On Sept. 10, Michigan and Notre Dame will play the first-ever night game at Michigan Stadium.
I’m pleased to report that in keeping with that historic break from tradition, adidas will outfit its two highest profile college football clients in throwback uniforms of somewhat dubious distinction.
Unfortunately for the uniphiles at adidas charged with boosting the bottom lines of their clients, ND’s most glorious seasons coincided with decidedly drab on-field apparel, while the actual Michigan Menswear of past Wolverine teams apparently wasn’t enough of a hard sell either.
Last month Notre Dame coach Brian Kelly leaked details of the antique uniques to be worn by ND and UM to Brian Hamilton of the CHICAGO TRIBUNE:
Irish coach Brian Kelly spilled the beans Friday that the programs will wear throwback uniforms for their Sept. 10 matchup.
Kelly wouldn’t get specific about the design of the Notre Dame outfits beyond saying they hearken back to the Joe Kuharich Era — perhaps an odd choice, given that Kuharich was 17-23 in four years as Irish coach from 1959-62.
“I’m just trying to help you guys piece together what it’s going to look like, without me saying and then getting yelled at by our adidas people that we blew the surprise for them.
“But yeah, we’re going to have throwback uniforms. As they will. I can tell you what theirs look like: They have a block ‘M’ on them, and a number, and a number on their helmet. How’s that? The adidas people at Michigan are going to be (ticked) at me.”
So instead of celebrating one of Notre Dame’s most famous teams or eras, the school will instead remind us of perhaps the most forgettable collection of Fighting Irish squads in history.
Not to mention that the Fighting Irish helmet logo featured at that time, as noted by Matt Hinton of Yahoo Sports, was a shamrock more resembling the international symbol for radiation than anything associated with a football institution fallen on hard times. (Or as Hinton called it, a “nuclear shamrock.”)
(Little known factoid: Perry Como once coached ND Special Teams)
Then there’s Michigan, which will will break out a set of ancient on-field apparel that Ann Arbor annals reveal never fully existed.
Yesterday the DETROIT FREE PRESS reported:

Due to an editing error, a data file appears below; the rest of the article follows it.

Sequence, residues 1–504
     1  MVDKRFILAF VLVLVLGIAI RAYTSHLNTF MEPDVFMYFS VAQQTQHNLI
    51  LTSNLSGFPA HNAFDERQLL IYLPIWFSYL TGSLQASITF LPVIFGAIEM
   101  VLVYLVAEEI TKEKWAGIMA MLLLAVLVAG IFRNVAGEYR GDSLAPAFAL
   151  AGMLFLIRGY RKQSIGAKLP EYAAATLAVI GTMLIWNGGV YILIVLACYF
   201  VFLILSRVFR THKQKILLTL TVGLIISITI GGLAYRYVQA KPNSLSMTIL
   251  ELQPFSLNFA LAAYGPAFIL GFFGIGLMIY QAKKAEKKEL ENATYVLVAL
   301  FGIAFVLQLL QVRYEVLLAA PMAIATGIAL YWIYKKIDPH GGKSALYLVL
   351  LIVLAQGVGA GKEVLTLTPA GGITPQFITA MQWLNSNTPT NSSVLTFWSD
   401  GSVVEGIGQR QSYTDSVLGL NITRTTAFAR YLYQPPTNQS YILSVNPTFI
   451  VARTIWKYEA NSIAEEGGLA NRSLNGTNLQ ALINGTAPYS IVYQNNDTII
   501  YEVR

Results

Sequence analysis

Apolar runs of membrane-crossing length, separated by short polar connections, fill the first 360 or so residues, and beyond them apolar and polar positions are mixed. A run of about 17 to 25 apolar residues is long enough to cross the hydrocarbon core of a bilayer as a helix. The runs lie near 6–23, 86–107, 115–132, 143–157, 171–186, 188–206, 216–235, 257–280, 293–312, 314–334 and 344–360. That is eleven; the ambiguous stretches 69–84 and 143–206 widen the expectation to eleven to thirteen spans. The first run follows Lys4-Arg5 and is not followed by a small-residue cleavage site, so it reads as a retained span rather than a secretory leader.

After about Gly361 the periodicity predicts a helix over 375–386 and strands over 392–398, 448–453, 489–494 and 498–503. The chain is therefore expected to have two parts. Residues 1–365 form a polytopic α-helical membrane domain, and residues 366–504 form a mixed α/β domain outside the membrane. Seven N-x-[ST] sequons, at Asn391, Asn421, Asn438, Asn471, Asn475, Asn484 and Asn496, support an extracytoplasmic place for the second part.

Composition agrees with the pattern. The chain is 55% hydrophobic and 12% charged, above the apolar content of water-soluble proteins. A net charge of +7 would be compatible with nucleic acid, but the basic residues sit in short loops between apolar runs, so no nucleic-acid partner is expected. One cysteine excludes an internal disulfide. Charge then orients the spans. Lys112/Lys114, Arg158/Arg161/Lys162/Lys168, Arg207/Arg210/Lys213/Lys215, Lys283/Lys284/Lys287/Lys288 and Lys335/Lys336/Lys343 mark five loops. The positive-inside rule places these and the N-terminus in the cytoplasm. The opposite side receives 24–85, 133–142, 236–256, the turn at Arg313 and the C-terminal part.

Michigan’s jersey, according to a sample provided to the Free Press, will be modeled after the image shown above. A small number also will be added to the upper-left corner of the jersey front, opposite the Adidas logo.
Last week, athletic director Dave Brandon told a meeting of the state’s sports editors that U-M intended to hold a nighttime unveiling of the jersey this summer and that U-M hoped fans would purchase a lot of jerseys, as they did for the Big Chill last winter.
Asked about the night-game jersey Thursday, associate athletic director Dave Ablauf responded: “We are still tweaking and making final decisions on the look of the uniform. We won’t be commenting on the throwback uniform design until we have the product in hand.”
MVictors.com is a remarkable archive of all things Michigan, so after seeing the Free Press report, the UM-centric site was my next stop.
The reaction from Greg at MVictors today was, in a word, pained.
I’m sure there are certain constraints the athletic department and adidas are dealing with (material, size, and marketing – they want to sell a bunch of these, afterall). The question mark for me concerns those stripes on the sleeves. I don’t recall stripes having a prominent presence on the gridiron, really, at any point in history.
Again – nothing is official so please only panic quietly to yourself until we see the final designs.
Greg pointed out that, from the UM-released image, the jersey does not fully resemble any past Michigan football ensemble.
Though it was noted that similarities are seen in 1899 UM squad:
And the Fielding Yost-coached teams of the early 1920s:
Per Kelly, apparently UM’s venerable winged helmet design, instituted in 1938, will include player numbers affixed to the sides as was custom in Ann Arbor from 1959 to 1968.
Of course, the argument for such historical incongruity is in making the jersey as palatable to the money-spending public, players and recruits as possible. An early return on that front comes from current Michigan player Troy Woolfolk, who had this reaction on Twitter after a fan Tweeted an image of the faux throwback to him:
If a Michigan football historian and current player don’t like the look, what exactly is the demographic UM and adidas is targeting?
I’m all for celebrating the past, especially when the schools involved have such rich football histories. But the above in no one way resembles anything other than a naked grab for cash.
These two schools, in my estimation, are better than that.